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should love them too much, or too little, SERM. be too indulgent, or too severe, and then III. it is much better for us to be without them: So little Reason was there for that impatient Exclamation of Rachel, Give me Children, or else I die. How often doth God in his Mercy deny our l.. Prayers, when to give us the Desire of our Hearts would be to ruin and undo us ?

2. Let those, who have a numerous Family of Children, be thankful to God for bestowing these Blessings on them, and use their utmost Endeavour to make them Blessings indeed ; by grounding them in the Principles of Religion, and bringing them up foberly and virtuously, in some lawful Calling; by advising, reproving, and correcting them as Occasion requires ; always laying down this as a sure and certain Maxim, That those Impresfions, which are made upon them in their green and tender Years, will continue as long as they live ; and though some, who have had a sober and religious Education, should miscarry, yet generally it is not so ; for the most Part, like new Vessels, they will retain the Scent of that Liquor which was first poured into them. Much less Thould that Man, who is the Parent of a


SERM. numerous Of-fpring, repine. or be discona

III. tented, because his Eftate doth not answer in his Demands, but he labours under the

Burthen of Need and Poverty ; for that God who takes Care of the young Eagles, when left and forsaken by the old Ones, and numbers the very Hairs of our Heads, will much more provide for all his Children and Servants, if they have but Faith sufficient to put their Trust in him; and I verily believe, that though such Persons, when pressed by Want, and under very uneasy Circumstances, may wish that they had fewer Children, yet, generally, a poor Man could hardly tell which of his Children to part with, if he was to be deprived of any one of them.

3. Those who have had Children, and are deprived of them, either by a natural Death, or which is worse by any unfortunate Accident; may hence learn to resign themselves up to the Will of God, and intirely to depend on his good Providence.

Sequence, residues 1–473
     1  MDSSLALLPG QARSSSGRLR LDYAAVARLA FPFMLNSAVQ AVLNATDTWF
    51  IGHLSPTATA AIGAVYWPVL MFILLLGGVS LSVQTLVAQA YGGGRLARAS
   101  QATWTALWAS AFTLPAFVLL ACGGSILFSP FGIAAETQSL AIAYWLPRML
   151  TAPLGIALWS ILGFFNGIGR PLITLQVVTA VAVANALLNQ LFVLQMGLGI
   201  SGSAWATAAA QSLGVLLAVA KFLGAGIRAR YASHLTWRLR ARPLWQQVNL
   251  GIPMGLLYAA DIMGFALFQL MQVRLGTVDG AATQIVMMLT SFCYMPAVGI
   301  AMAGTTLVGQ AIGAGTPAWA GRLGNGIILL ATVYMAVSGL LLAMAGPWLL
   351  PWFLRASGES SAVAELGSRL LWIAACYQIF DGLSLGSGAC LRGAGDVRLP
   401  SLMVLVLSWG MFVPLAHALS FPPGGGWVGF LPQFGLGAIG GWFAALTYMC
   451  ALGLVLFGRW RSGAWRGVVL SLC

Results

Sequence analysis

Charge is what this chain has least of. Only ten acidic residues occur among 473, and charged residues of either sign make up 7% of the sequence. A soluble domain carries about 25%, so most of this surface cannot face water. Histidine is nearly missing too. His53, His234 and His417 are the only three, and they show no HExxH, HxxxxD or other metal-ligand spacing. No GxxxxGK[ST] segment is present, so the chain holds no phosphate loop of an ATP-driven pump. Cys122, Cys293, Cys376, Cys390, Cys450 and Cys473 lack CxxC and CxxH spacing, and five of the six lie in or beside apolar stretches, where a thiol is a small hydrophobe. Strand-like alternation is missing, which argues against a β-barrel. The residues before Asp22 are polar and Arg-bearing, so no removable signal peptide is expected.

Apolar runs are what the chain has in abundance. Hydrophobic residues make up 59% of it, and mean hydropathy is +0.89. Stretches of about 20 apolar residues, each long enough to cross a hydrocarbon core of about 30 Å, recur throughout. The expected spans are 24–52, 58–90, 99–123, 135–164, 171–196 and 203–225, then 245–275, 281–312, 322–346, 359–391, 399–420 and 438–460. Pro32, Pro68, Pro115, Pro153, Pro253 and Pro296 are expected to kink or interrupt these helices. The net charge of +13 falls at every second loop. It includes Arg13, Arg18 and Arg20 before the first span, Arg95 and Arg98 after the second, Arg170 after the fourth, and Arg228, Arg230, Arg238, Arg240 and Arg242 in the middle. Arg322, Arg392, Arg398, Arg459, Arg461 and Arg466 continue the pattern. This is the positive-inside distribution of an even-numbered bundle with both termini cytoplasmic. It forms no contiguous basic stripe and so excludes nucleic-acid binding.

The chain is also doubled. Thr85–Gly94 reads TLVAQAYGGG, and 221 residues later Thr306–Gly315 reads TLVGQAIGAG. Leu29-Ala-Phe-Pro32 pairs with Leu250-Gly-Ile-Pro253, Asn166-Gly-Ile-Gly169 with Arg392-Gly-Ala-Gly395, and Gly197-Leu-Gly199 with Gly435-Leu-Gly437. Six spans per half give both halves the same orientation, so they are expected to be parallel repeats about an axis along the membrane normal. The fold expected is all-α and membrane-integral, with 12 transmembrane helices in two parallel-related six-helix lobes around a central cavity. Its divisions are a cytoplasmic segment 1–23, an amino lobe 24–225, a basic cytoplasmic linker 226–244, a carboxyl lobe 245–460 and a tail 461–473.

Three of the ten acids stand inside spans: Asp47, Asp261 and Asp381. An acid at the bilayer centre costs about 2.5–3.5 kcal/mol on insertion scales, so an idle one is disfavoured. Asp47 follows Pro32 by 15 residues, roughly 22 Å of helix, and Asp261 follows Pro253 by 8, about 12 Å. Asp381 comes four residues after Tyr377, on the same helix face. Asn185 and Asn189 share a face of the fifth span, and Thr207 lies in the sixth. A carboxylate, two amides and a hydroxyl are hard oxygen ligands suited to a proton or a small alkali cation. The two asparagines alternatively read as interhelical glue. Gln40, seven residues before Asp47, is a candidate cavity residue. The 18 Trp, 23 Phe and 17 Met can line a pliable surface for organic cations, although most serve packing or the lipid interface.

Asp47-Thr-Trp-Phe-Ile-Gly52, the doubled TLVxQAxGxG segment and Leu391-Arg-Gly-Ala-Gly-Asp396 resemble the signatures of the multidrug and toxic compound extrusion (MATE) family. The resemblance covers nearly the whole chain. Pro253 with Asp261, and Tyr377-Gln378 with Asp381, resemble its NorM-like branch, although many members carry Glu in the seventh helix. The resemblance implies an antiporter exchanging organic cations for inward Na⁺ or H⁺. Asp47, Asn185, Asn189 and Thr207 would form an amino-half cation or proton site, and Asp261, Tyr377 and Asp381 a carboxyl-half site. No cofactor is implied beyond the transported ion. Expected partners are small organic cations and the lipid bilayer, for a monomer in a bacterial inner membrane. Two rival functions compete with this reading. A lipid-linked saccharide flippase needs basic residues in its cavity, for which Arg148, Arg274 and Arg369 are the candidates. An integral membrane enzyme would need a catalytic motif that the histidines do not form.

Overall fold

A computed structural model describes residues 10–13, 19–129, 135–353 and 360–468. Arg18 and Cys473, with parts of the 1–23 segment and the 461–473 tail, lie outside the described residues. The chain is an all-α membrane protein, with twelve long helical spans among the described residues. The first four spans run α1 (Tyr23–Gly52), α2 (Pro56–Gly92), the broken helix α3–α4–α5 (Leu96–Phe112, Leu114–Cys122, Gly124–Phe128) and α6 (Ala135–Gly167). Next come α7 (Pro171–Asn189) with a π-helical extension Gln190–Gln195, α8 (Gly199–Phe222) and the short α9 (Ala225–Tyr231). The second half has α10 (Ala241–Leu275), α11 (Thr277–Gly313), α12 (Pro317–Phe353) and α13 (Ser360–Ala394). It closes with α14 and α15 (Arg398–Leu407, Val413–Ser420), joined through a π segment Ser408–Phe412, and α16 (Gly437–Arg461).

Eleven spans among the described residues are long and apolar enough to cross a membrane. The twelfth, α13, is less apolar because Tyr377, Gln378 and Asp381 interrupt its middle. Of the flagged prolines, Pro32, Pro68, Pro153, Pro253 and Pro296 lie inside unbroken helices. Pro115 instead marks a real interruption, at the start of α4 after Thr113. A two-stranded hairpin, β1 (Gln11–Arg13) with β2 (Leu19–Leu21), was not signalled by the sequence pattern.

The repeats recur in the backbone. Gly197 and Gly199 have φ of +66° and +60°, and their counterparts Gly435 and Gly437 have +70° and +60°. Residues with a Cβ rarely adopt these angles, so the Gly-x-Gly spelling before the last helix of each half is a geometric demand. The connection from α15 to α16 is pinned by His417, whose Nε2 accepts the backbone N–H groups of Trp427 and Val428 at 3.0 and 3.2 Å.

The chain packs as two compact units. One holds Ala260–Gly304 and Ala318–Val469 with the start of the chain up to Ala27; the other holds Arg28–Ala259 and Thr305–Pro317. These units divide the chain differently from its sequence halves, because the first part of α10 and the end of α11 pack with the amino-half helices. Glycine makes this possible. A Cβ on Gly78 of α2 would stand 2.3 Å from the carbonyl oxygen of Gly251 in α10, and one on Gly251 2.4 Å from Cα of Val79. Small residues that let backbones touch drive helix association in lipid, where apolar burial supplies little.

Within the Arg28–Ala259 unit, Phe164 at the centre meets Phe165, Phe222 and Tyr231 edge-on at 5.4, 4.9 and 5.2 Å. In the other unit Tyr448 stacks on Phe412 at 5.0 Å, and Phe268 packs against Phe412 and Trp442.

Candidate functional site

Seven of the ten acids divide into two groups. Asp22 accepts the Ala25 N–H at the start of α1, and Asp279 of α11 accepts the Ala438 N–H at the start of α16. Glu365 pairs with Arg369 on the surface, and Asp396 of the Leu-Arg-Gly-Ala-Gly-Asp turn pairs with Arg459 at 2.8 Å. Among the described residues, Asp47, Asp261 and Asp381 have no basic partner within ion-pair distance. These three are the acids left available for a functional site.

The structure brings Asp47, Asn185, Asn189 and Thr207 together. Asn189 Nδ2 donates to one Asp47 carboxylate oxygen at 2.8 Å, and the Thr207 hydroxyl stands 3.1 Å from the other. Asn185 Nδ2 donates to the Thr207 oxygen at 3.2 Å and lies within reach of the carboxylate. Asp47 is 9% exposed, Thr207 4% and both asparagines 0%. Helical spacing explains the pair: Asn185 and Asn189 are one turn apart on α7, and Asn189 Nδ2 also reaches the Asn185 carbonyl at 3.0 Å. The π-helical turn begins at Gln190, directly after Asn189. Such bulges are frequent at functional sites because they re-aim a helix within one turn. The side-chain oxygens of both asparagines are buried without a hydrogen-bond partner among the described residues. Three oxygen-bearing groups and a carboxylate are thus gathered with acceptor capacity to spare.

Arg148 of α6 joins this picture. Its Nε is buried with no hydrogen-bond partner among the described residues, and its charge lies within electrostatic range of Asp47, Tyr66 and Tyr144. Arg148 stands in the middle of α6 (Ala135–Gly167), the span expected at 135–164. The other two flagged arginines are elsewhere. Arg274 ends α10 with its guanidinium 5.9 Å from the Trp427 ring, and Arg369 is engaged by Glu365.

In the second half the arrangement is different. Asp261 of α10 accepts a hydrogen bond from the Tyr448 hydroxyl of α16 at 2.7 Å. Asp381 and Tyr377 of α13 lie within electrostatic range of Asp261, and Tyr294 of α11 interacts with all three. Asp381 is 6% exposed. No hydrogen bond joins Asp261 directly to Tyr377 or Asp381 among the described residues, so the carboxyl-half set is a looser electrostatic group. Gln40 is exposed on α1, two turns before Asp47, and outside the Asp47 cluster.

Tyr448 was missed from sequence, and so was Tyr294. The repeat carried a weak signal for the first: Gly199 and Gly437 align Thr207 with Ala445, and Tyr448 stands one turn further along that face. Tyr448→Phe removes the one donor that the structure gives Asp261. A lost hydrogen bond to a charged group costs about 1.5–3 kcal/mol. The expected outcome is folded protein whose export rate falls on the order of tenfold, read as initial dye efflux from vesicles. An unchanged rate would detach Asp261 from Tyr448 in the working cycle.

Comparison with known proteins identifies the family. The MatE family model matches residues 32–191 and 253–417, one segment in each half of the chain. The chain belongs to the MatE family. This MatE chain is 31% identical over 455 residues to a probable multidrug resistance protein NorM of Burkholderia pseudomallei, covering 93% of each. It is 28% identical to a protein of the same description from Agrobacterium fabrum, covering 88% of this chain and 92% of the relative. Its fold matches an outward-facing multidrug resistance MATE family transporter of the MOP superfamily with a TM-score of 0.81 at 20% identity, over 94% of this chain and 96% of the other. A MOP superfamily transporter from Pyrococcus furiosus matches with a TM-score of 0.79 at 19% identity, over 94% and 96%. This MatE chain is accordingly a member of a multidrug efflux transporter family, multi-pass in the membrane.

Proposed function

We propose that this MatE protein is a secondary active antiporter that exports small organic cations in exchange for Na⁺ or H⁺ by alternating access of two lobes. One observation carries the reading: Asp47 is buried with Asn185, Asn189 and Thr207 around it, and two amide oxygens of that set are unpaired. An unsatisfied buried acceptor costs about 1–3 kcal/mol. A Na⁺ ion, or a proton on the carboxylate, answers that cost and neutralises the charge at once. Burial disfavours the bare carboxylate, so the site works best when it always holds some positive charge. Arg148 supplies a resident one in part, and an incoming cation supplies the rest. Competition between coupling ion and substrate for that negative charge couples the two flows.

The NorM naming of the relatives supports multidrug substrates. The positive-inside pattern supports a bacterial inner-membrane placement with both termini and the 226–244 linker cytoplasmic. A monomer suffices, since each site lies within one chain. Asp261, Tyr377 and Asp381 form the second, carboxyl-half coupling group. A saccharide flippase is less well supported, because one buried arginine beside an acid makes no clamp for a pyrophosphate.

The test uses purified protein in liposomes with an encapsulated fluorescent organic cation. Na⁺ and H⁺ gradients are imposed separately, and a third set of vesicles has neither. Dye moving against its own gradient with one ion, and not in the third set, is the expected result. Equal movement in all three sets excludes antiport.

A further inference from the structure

If excessive Grief is allowable in any Cafe, it must be in that of a tender Mother for the Death of her only Child, or of a Father for the Heir of his Inheritance ; because Nature urges Men to thefe


Passions, and; whilst we are. Men, it is SERMİ impossible, to be without them; they are III. Part of our very Beings, and are, indeed, empat our own selves. And yet; if we consider Things calmly and deliberately, we shall find, that to grieve and mourn, as Men without Hope, is not only unchristian, but unreasonable ; and that whatsoever Sorrow exceeds the Bounds of a decent and becoming Paffion, is not only our Sin, but our Folly. For what is it we grieve and mourn for? Is it, because God has taken our dear Relation out of this troublesome and miserable World, in which; at the best, we are but Strangers and Pilgrims, and placed him in a State of endless Happiness and Felicity ? Is it so terrible a Thing to be delivered from the Prison of our Bodies, to be freed from those Storms and Tempests, which shipwreck the Quiet and Content of our Minds, and to arrive at the Haven of lafting Rest and

Tranquillity? Is it a reasonable Thing that we should mourn and lament, because our Relations are got safe to their Journey's End before us, and are in a far better Condition, than this World could bestow upon us or them? This certainly should be rather the Subject of our Joy and Sa



Serm. tisfaction, than of our Trouble and Dif

III. content. . wimp For who is there that would not re

joice and be exceeding glad, when he heard that his Son was made a mighty Prince in a foreign country; and that he should shortly fee him in all his Splendor and Glory, and partake with him in this prosperous Condition ? And, is it not much greater Cause of Joy, that we are assured our Friends are in Possession of an immortal Crown, which fadeth not away, eternal in the Heavens? If therefore we inquire into the Cause of our immo derate Grief, for the Loss of Children and Relations, we shall find it proceeds 'either from - Infidelity, or because we entertain an excessive Love to the good Things of this World , either we do not believe that there is a Life to come after this short Life is ended, we do not expect the Joys and Happiness of another World, or else we prefer the good Things of this before them. For, suppose it was put into our Power to raise our deceased Relations from the Dead, and to redeem them from the Power of the Grave, and to give them a longer Continuance amongst us; would it not be a very unreasonable Thing to desire, that they should quit the Society of Saints


and Angels in Heaven, to bez as CIE 1 pany upon Earth; and leave tipit and blessed Abodes, to modern s of a finful Life? Let u R bemoan- our own Lot 29: DIE E theirs, and pray, that GDZI E Time would accomp? Elect, deliver us frio Kitz Bodies, and doch which is from above; 2 ton with them, we met

: Glory. In the sea Endeavours be, the SITE Election sure, to its psim Lives, and to be CITIIV of Piety, Justice, a Var to abound Contribution to the aire i Brethren ; vii larly inaurbet எ t v. 12 :Children of a DFI I T O : and there are 2 * 1 : for the lon acz: Family

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